Kalashnikov is also accused of handing 'Escape From Tarkov' the rights to use the disputed weapon, according to the studio.
An indie studio has accused Kalashnikov of not only stealing one of its firearms, but also of handing Escape From Tarkov the rights to use it.
Ward B, an independent game creator, claims that a contractor from Kalashnikov, one of the world's largest gun manufacturers, approached the company and asked if it could adapt one of its fictitious weaponry, Ward B's EPM28 Mastodon shotgun, into a real weapon. The gun was created for an upcoming game called Oceanic, and the contractor supposedly planned to sell Kalshnikov a gun kit for the MP-155 shotgun based on the fictional design.
Ward B CEO Marcellino Sauceda told IGN that while the studio was thrilled to carry out the idea, it never received formal contracts and neither the contractor nor Kalashnikov contacted them.
Kalashnikov later presented an MP-155 Ultima that looked strikingly similar to Ward B's EMP28 Mastodon design. Sauceda claims that the MP-155 Ultima was based on Ward B's design, and that the MP-155 Ultima has various aesthetic judgments that have no practical purpose in real life. "I kind of feel they have the [Mastodon 3D model] and they neglected to eliminate that component – because they did remove it on the other side with the bolt," Sauceda says of the Ultima's receiver.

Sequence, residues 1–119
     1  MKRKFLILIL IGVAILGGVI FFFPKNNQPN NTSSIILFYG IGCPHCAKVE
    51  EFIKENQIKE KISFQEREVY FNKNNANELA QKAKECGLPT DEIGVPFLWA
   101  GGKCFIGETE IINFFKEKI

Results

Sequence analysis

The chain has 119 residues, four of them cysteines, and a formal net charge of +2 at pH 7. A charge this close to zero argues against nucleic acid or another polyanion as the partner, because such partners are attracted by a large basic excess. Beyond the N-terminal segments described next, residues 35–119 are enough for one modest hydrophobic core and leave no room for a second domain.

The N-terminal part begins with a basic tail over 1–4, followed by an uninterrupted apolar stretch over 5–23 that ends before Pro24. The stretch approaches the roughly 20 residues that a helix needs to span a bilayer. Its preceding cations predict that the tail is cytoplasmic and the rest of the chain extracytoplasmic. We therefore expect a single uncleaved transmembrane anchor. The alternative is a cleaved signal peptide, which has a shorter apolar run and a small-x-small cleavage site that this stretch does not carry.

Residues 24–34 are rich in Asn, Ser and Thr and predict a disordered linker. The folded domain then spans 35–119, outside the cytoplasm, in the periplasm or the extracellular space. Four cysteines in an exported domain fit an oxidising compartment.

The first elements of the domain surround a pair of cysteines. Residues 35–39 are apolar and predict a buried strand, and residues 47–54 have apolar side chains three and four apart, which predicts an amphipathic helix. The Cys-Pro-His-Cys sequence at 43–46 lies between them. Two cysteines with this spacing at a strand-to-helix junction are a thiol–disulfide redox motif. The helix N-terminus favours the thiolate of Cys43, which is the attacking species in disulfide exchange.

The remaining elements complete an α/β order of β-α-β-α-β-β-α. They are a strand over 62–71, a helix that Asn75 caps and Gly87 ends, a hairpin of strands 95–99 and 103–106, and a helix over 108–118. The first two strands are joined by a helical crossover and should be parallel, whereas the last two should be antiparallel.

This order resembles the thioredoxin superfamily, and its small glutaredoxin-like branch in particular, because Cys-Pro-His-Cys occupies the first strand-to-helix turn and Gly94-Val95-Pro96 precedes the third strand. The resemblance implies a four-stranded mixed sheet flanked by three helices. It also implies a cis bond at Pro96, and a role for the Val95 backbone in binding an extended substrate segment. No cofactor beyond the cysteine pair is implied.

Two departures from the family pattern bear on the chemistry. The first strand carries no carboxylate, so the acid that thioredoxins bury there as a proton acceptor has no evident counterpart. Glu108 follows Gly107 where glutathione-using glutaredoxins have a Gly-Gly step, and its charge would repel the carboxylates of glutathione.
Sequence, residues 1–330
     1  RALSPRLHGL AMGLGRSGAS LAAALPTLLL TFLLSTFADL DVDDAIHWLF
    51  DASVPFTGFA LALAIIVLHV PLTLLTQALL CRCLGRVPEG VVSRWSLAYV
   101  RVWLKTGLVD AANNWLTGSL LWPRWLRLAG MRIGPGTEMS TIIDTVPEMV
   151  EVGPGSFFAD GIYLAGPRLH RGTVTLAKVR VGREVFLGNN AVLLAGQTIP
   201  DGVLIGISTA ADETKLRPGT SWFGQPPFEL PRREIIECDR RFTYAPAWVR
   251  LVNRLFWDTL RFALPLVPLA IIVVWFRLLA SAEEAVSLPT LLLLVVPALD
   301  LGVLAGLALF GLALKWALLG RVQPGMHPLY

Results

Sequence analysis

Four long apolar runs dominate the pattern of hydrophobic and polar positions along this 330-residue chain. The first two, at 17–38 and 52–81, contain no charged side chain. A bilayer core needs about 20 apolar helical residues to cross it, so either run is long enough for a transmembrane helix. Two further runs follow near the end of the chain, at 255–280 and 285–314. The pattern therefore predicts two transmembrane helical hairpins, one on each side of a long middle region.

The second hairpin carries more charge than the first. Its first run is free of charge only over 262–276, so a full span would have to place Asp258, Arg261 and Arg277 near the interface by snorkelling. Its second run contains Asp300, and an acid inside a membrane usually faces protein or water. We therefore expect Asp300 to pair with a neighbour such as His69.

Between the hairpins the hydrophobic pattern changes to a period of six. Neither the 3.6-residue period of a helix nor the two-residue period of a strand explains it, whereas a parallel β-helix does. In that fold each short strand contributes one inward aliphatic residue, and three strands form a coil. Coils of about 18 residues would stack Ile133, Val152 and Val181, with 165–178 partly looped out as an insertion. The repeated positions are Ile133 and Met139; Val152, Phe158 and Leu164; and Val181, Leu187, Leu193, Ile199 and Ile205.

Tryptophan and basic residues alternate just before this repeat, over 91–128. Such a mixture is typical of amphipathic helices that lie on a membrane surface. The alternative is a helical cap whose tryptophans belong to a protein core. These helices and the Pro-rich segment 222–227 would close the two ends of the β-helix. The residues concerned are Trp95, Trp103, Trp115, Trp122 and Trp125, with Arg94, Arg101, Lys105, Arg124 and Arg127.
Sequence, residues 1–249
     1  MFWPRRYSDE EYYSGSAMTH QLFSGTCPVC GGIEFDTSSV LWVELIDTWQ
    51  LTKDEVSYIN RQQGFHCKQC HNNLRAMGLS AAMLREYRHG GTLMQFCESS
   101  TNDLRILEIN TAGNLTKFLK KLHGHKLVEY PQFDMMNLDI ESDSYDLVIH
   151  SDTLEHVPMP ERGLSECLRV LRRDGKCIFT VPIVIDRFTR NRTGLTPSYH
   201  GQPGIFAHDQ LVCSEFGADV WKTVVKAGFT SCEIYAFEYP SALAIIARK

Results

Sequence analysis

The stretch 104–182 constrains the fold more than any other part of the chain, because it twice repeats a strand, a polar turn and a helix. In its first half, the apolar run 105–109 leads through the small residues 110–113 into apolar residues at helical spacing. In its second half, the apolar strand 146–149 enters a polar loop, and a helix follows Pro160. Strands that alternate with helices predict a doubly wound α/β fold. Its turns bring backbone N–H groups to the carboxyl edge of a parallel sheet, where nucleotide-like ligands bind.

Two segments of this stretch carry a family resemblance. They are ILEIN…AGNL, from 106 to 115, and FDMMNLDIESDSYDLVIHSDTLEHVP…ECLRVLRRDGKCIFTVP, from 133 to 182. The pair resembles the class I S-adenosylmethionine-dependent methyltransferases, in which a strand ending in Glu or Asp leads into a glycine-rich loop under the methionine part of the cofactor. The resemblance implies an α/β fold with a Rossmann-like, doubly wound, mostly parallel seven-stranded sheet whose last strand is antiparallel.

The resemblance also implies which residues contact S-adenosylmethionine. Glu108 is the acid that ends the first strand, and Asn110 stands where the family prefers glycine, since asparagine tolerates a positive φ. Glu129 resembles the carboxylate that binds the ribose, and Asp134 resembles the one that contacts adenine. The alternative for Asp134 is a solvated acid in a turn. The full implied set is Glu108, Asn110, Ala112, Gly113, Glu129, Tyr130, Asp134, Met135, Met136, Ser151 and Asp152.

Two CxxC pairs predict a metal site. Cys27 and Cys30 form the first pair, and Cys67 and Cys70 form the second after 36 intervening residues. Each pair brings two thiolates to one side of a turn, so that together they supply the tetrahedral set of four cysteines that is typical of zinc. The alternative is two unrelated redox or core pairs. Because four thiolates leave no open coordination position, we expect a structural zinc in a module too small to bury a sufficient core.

In a trailer for the Mastodon, a disclaimer from Ward B claims that “due to unfortunate events regarding large scale IP theft, Ward B will be undergoing private development for Oceanic to protect its property and rights”.
Ward B claims that Kalashnikov has given hardcore shooter Escape From Tarkov permission to use the MP-155 Ultima design, despite Sauceda noting that Ward B's own pistol design was released in another game before it could be released in Oceanic.
Sauceda says Ward B has “dropped the goal of reclaiming our property legally” due to significant legal difficulties with Kalashnikov being based in Russia. However, Sauceda wants to raise awareness of the issue and says that “unfortunately this is something that happens a lot in the indie development scene”.
Ward B met with a contractor who defended the Ultima, telling IGN that he designed it "from the ground up." Similarly, Sauceda asserts that Kalashnikov built the Ultima from the ground up and that company management have never seen Ward B's design.